In conducting its review of this submission, DOL has sought and reviewed information on Côte d'Ivoire cocoa from a variety of sources, including the Department of Labor's 2002 Findings on the Worst Forms of Child Labor, the State Department's annual Country Reports on Human Rights Practices—2003: Côte d'Ivoire and Trafficking in Persons Report, 2003, the International Institute for Tropical Agriculture's 2002 Child Labor Surveys in the Cocoa Sector of West Africa synthesis report, as well as numerous other governmental and nongovernmental organization reports, articles and stories describing conditions of forced child labor in the Côte d'Ivoire cocoa industry.
In reviewing this information, the Departments of Labor, State, Treasury and Homeland Security have considered several factors: The nature of the information describing the use of forced or indentured child labor; the source of the information; the date of the information; the extent of corroboration of the information by appropriate sources; and whether the information involved more than an isolated incident. In addition, DOL has sought evidence of recent, credible efforts being made to address forced or indentured child labor in Côte d'Ivoire by the Ivorian government.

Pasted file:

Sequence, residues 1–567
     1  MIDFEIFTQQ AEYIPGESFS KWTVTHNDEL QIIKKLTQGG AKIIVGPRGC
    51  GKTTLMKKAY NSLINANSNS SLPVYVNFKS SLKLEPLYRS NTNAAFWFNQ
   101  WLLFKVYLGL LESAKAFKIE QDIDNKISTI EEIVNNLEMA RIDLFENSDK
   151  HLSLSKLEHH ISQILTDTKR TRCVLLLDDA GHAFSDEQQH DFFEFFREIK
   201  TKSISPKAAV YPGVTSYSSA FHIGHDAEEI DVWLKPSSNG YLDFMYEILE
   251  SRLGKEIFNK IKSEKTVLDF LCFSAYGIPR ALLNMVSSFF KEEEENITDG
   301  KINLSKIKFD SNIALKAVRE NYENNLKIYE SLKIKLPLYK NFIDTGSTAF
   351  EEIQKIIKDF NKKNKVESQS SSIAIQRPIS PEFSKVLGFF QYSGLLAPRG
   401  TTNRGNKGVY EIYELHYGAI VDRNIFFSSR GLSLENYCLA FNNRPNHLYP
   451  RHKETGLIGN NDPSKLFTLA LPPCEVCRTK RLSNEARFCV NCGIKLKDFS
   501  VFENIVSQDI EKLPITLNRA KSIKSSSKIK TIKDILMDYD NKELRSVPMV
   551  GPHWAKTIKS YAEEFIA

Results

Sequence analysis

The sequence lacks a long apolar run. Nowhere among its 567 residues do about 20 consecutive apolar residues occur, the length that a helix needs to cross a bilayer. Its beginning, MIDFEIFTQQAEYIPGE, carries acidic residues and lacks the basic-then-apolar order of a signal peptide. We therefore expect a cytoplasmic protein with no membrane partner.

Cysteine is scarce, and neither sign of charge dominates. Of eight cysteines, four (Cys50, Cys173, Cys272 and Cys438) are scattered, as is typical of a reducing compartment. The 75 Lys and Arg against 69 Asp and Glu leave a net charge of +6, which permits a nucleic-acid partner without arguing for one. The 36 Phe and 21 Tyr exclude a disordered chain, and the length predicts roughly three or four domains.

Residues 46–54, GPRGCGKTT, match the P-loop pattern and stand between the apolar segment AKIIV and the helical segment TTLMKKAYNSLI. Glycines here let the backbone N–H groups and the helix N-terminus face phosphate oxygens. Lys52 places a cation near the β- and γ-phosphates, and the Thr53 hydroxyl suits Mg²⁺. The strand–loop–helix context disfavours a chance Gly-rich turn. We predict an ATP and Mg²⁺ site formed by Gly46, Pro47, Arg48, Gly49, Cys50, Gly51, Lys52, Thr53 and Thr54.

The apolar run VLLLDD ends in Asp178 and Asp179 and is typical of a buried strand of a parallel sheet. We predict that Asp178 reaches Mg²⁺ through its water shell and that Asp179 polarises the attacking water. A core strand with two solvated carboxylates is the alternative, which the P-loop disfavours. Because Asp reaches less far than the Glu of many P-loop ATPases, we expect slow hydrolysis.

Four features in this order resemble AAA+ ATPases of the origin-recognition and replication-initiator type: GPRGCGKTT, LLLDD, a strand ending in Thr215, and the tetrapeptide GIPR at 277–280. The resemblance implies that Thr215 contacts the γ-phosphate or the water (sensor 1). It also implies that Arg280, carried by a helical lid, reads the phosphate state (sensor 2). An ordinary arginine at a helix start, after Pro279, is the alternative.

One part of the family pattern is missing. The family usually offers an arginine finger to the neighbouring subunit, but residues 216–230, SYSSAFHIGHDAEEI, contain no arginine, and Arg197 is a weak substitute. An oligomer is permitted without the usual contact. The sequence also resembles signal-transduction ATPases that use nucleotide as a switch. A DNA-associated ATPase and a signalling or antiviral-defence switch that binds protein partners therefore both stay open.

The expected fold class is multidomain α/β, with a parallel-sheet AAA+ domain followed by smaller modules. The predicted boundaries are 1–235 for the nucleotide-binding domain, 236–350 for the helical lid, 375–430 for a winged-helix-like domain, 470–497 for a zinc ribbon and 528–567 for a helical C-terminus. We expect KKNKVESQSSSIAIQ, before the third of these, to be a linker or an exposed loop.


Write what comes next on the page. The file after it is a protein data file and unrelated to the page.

IV. Evidence of Forced Child Labor in Côte d'Ivoire Cocoa Industry
DOL has received reports that thousands of children work on cocoa farms in Côte d'Ivoire, most alongside their families. These children are allegedly engaged in tasks/activities such as clearing fields; weeding; maintaining cocoa trees; fermenting; transporting; and drying as well as particularly hazardous tasks, such as spraying pesticides on cocoa without protection, using machetes to clear undergrowth and carrying heavy loads.